I was no stranger to music, of course. Like most children of the 90s, I began with Britney Spears and *NSYNC (which I would, at the time, vehemently deny — and now revel in). But come my pre-teen years, I would exchange pop hits for what I viewed, at least, as outside the mainstream, trade Oops!… I Did It Again and No Strings Attached for a copy of Green Day’s International Superhits!, for memorized Simple Plan lyrics, for Red Hot Chili Peppers verses I was far too young to understand. But with its heavy riffs, scratching vocals, and best of all, a bass line that introduces and finishes the song, two bookends to my musical homecoming, this song was starkly unlike anything I’d heard before. Never had anything felt so powerfully mine before, something only I knew and understood, a song that didn’t come from the radio or my mom or my sisters. It was my secret.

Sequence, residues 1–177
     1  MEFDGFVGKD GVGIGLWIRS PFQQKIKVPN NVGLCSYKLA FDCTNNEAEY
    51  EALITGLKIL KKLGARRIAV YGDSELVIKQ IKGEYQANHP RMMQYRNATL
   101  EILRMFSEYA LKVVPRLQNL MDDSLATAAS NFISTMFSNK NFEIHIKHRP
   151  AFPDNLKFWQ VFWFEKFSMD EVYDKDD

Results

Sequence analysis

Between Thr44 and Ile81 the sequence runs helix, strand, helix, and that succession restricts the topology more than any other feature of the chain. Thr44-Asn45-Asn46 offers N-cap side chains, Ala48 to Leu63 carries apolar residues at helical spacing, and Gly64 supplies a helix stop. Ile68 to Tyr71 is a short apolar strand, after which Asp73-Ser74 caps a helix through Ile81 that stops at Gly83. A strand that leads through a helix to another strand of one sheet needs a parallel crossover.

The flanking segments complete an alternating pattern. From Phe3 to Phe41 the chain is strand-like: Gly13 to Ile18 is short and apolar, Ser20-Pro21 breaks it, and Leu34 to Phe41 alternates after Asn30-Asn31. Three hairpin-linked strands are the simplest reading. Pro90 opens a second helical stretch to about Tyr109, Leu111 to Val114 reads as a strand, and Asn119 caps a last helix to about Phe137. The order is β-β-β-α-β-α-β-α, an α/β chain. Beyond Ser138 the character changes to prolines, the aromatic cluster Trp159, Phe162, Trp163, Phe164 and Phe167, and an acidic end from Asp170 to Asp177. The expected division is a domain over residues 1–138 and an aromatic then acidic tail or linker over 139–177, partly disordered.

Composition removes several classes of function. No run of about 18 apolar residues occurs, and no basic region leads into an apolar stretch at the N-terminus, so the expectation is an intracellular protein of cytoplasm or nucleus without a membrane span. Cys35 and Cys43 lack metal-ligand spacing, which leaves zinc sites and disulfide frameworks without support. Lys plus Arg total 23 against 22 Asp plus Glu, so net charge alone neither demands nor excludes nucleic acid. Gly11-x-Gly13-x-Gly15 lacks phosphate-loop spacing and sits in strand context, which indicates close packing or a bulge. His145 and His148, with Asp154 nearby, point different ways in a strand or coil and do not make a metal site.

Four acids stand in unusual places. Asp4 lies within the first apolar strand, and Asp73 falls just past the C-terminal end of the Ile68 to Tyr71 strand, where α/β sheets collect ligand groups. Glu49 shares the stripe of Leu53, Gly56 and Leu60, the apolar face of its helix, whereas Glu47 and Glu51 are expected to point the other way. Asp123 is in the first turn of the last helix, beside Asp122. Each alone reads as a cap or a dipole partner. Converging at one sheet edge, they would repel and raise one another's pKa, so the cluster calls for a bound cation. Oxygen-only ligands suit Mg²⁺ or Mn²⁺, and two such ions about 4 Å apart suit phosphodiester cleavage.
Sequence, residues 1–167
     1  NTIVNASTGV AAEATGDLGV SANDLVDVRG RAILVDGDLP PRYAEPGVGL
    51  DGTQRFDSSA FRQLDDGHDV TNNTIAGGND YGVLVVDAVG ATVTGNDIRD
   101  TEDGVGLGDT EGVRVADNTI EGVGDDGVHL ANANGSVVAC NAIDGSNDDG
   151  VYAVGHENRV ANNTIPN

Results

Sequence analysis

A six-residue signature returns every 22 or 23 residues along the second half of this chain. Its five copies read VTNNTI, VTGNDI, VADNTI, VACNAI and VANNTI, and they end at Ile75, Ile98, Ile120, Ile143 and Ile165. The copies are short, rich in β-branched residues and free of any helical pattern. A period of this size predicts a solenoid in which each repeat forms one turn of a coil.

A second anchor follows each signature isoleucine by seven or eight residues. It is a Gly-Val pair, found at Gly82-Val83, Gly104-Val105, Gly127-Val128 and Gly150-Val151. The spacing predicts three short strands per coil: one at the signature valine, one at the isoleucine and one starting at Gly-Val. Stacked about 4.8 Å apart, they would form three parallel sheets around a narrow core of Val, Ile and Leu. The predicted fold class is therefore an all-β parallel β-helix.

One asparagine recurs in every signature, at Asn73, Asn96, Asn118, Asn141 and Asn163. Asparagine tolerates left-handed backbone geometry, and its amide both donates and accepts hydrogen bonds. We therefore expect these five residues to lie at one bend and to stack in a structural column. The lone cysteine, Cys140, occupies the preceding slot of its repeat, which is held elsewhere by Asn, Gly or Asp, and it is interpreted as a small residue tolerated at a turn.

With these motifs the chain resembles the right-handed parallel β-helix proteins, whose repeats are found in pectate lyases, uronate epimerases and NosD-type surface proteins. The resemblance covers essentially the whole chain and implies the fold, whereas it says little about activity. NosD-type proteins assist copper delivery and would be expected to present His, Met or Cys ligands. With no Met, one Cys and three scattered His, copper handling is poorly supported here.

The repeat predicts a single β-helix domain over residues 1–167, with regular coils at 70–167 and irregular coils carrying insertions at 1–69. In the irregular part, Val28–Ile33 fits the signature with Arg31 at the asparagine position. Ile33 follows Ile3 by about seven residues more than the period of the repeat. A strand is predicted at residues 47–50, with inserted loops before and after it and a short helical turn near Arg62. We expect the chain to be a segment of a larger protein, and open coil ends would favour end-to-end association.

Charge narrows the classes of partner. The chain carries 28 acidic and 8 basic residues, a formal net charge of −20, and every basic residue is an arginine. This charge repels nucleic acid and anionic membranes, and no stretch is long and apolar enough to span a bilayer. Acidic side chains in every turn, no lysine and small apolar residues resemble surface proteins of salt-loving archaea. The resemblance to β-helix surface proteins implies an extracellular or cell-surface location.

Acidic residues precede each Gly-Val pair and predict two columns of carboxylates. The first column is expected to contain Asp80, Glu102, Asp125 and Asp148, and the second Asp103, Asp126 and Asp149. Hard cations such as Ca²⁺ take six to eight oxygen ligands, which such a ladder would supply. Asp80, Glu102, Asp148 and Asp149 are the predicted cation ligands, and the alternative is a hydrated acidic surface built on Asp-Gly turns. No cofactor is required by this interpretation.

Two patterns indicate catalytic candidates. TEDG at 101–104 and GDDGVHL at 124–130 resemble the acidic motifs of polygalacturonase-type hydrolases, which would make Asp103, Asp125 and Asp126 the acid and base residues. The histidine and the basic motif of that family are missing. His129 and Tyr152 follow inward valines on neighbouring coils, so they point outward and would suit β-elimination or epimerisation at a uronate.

So secret, I learned, that I could scarcely find it anywhere, because in 2005 there’s no YouTube or Spotify or iTunes, no endless library of music waiting behind a few clicks and presses. There’s hardly even an internet. All I knew about ‘downloading,’ back when that was a new word for the world, was that if I ever did it illegally my family and I would be sentenced to life in prison and our computer would explode. Or something like that. Even if I had the money to buy CDs, Best Buy didn’t stock it, and a trip to the fabled (and faraway) Tower Records seemed unlikely.